As an employer, you likely work with a diverse bunch of people – in all senses of the word. Unfortunately, some may be less socially aware than others. Or maybe they are aware, but they just don’t care.
While you might maintain a happy workplace free from discrimination for most of the year, Halloween parties can lead some people to slip up or throw caution to the wind. They might dress up in ways that are unacceptable to others and prompt an upset employee to file a discrimination claim against you.
Set your expectations out early
The law expects you to be proactive when it comes to stopping discrimination. For example, you need to have anti-discrimination policies and make them clear to your employees. You need to have a system for reporting issues and ensure your workers understand and feel comfortable using it.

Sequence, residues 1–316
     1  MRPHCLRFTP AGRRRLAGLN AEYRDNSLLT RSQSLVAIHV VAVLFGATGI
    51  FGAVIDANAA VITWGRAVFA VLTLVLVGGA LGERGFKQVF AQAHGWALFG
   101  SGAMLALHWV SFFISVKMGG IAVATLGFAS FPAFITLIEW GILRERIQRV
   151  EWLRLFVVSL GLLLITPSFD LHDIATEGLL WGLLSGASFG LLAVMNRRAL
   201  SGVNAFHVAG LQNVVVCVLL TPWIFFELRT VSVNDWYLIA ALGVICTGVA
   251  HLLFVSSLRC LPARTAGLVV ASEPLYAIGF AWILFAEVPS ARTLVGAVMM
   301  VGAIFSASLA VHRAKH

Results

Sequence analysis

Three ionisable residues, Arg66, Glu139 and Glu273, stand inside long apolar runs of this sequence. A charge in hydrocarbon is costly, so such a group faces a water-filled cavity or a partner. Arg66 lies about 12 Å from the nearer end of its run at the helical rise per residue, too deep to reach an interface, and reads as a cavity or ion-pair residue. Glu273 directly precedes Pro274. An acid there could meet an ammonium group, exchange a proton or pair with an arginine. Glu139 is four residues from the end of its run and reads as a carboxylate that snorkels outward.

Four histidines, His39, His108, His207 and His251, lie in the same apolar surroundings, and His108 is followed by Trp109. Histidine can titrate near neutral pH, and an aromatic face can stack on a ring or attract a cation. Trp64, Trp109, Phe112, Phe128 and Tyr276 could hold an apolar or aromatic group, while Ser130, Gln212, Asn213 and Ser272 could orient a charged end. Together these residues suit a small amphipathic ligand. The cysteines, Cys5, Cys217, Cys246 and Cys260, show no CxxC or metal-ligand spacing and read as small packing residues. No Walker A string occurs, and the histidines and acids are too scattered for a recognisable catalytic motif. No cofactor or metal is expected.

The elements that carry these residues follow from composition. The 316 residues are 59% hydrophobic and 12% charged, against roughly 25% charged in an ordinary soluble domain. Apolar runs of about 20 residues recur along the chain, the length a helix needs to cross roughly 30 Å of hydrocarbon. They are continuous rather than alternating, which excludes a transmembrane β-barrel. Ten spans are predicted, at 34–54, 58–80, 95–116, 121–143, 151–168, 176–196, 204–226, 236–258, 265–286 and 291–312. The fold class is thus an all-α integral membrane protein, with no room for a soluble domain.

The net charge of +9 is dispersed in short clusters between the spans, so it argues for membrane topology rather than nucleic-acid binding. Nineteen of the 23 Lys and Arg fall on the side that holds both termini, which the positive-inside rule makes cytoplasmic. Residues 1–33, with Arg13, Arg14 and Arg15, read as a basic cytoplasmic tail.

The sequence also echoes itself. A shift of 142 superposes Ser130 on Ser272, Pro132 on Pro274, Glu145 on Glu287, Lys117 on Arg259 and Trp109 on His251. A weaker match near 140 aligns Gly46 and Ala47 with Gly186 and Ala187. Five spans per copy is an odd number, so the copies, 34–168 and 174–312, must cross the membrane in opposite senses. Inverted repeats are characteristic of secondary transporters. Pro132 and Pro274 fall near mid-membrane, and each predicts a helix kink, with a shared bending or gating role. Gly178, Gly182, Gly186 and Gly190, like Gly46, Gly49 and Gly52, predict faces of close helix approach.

If you are putting on a Halloween party, it pays to set some ground rules about what is and is not appropriate attire. Here are some tips:
- Don’t use makeup to change your skin color to that of another race: Painting your face green to be some kind of alien is acceptable. Making it black, brown or yellow to be someone from another race is not.
- Another culture’s clothes are not a costume: Just because it’s available in an online fancy dress shop does not mean you can wear it. If you’re not an indigenous chief, then ditch the feather headdress.
It could still happen that an employee ignores your guidelines and causes a colleague to bring a lawsuit. Getting help to detail the steps you took to prevent such incidents will strengthen your defense.